Panel: Federal Anti-Terrorism Efforts Failing
MELISSA BLOCK, host:
Former members of the 9-11 Commission issued a report card today grading progress on their recommendations to prevent terrorist attacks. The marks for Congress and the administration: lots of C's, D's and F's. The five Democrats and five Republicans from the panel say too little has been done to make the country safer and that there's a lack of urgency about the terrorist threat. Today was the last meeting of panel members, who formed a non-profit group after they officially disbanded last year. NPR's Pam Fessler reports.
PAM FESSLER reporting:
It's not as though nothing has been done over the past few years to make the country safer, but former commission Chairman Tom Kean, a Republican, says it's not enough, especially because terrorists are so intent on striking the United States again.
Former Governor THOMAS KEAN (New Jersey; Former Chair, 9-11 Commission): Look at this report card. There are far too many C's, D's, and F's.
FESSLER: C's when it comes to checking airline passengers for explosives and for screening foreigners who cross US borders. D's for efforts to keep weapons of mass destruction out of the hands of terrorists and for information sharing among government agencies. But it's the F's that the former commissioners said they found the most disturbing.
Mr. KEAN: It's scandalous that airline passengers are still not screened against all names on a terrorist watch list. It is scandalous that we still allocate scarce Homeland Security dollars on the basis of pork barrel spending and not on risk.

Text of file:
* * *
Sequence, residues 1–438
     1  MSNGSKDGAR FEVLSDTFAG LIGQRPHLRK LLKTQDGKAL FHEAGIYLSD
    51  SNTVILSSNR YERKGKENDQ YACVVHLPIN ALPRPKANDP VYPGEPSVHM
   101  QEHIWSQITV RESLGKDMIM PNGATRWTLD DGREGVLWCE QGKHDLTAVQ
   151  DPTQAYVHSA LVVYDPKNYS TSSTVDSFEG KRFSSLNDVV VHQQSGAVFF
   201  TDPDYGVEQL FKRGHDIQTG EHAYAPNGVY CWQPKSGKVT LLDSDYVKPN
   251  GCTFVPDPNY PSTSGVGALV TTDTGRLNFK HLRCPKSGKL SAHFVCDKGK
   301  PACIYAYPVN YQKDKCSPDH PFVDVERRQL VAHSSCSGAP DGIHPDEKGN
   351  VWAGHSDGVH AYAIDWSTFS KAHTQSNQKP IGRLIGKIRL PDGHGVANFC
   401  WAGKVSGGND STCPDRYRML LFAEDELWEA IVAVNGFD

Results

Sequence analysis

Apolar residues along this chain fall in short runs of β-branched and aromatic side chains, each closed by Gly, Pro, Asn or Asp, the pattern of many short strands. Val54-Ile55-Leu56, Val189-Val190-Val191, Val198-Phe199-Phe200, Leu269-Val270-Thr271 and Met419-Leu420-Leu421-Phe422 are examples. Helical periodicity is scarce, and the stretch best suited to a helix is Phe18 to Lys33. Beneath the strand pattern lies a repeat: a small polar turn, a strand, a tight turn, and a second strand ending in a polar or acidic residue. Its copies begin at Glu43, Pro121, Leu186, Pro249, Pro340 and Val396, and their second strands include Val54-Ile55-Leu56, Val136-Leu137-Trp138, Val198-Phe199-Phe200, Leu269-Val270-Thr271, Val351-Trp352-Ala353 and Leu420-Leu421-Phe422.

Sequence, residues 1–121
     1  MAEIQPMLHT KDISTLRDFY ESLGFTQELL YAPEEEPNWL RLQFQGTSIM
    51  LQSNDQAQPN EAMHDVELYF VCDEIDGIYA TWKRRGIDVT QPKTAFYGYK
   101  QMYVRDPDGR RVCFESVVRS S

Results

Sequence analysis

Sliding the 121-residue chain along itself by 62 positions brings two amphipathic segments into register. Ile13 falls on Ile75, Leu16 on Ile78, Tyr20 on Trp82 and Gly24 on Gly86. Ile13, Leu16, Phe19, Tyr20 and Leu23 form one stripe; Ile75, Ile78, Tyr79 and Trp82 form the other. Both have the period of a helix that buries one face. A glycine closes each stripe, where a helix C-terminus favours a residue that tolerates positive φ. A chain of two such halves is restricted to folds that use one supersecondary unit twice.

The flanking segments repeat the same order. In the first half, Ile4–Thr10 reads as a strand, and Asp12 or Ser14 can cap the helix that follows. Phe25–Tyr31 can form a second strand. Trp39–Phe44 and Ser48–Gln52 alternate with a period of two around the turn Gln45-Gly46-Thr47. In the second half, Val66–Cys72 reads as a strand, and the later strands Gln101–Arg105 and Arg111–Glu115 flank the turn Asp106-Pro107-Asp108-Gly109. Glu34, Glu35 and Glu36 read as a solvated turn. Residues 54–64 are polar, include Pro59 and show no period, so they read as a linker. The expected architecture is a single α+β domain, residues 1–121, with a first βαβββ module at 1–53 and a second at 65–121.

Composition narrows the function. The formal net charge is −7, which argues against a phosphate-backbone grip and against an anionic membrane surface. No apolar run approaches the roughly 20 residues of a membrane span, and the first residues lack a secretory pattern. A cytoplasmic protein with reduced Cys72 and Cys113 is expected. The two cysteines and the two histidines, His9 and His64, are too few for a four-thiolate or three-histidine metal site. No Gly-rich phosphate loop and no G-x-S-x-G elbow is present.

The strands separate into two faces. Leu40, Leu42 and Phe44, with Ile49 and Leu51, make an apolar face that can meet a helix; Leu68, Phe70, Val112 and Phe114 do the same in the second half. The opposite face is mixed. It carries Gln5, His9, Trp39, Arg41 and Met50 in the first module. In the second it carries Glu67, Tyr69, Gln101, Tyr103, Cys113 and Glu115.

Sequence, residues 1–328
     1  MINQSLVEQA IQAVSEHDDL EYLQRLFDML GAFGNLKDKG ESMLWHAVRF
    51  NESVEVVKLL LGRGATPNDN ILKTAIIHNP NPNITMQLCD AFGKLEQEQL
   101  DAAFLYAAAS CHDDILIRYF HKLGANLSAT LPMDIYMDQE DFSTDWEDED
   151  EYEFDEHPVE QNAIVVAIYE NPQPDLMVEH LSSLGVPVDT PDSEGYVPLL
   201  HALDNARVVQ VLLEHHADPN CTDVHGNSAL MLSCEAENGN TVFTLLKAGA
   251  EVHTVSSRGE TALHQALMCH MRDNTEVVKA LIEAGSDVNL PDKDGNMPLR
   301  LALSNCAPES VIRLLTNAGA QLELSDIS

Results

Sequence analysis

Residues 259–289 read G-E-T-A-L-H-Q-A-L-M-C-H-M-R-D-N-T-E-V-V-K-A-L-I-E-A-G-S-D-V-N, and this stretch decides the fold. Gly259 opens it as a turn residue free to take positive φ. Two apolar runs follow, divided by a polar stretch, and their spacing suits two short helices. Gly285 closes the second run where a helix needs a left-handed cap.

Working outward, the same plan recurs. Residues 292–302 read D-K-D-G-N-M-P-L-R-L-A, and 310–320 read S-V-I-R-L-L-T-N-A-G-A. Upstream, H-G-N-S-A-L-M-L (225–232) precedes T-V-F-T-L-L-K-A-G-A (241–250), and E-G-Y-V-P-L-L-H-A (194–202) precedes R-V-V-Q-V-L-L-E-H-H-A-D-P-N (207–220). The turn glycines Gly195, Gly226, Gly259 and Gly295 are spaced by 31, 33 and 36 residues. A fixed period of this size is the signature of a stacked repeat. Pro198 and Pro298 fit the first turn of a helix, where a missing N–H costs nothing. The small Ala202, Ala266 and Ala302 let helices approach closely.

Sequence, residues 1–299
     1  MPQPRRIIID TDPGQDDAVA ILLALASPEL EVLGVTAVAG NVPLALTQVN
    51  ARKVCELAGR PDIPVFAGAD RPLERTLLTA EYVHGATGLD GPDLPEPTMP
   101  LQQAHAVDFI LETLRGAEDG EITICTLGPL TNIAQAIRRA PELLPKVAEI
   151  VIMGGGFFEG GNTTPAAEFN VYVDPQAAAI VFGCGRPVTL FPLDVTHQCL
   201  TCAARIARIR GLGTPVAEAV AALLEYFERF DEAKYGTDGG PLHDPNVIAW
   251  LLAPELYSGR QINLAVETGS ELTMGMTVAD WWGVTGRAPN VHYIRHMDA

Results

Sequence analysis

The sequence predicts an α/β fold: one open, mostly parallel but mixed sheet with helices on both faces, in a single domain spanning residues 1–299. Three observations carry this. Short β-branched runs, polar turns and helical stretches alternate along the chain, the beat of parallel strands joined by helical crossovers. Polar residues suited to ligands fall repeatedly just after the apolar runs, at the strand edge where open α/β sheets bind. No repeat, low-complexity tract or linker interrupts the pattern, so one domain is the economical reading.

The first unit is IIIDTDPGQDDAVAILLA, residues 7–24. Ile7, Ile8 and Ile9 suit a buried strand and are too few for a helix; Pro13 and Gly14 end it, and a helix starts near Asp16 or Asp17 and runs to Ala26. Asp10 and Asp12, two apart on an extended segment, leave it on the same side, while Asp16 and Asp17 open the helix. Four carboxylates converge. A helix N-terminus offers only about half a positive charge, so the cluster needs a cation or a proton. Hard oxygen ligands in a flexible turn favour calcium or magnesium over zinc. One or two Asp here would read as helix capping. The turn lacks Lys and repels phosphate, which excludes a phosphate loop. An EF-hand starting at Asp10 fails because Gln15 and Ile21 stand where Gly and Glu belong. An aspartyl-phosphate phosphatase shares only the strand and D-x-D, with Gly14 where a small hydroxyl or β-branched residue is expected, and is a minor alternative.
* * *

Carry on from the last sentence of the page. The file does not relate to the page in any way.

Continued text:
FESSLER: The former commissioners say they're especially frustrated that radios used by emergency workers remain incompatible, that police and firefighters still have some of the same communications problems they had on 9/11. Former Illinois Governor Jim Thompson, a Republican, says the country will pay a big price for not learning the painful lessons of that day.
Former Governor JIM THOMPSON (Republican, Illinois; Former Member, 9-11 Commission): After some are killed and some are wounded, how are they going to get the rest of us out of harm's way? How are they going to protect themselves? How are they going to go about their duty? Are we crazy?
FESSLER: But Bush administration officials say they have addressed many of the problems identified by the commission, that steps have been taken to tighten aviation, border and cargo security and to redirect efforts to the highest risk areas. They say they've accepted most of the panel's recommendations, but that others require congressional action. White House counselor Dan Bartlett spoke this morning on the CBS "Early Show."
Mr. DAN BARTLETT (White House Counselor): There are quite a bit of these recommendations that are sitting before the United States Congress, and it's important that Congress act on these recommendations as well. We agree with their assessment. America is safer but yet not safe.
FESSLER: Former Commissioner Jamie Gorelick, who worked in the Clinton Justice Department, dismissed the administration's response.
Ms. JAMIE GORELICK (Former Deputy Attorney General; Democrat; Former Member, 9-11 Commission The problem with that is that saying that a recommendation is accepted and making it happen, as we know, are two very different things. We saw that in the aftermath of Hurricane Katrina.
FESSLER: When it became very clear that there's still great confusion over who's in charge if there's a big disaster. The commission did hand out a few good grades. It gave B's for the creation of a new director of national intelligence and a national counterterrorism center to help coordinate domestic, foreign and military intelligence, although some commissioners complain that the reorganization is going too slowly.
The commissioners also said they'd change one of the F's to an A if Congress acts this month on legislation to direct Homeland Security funds to communities that face the greatest risk of attack. Pam Fessler, NPR News, Washington.
BLOCK: You can read the September 11th Commission's recommendations and see the former members' report card at our Web site, npr.org.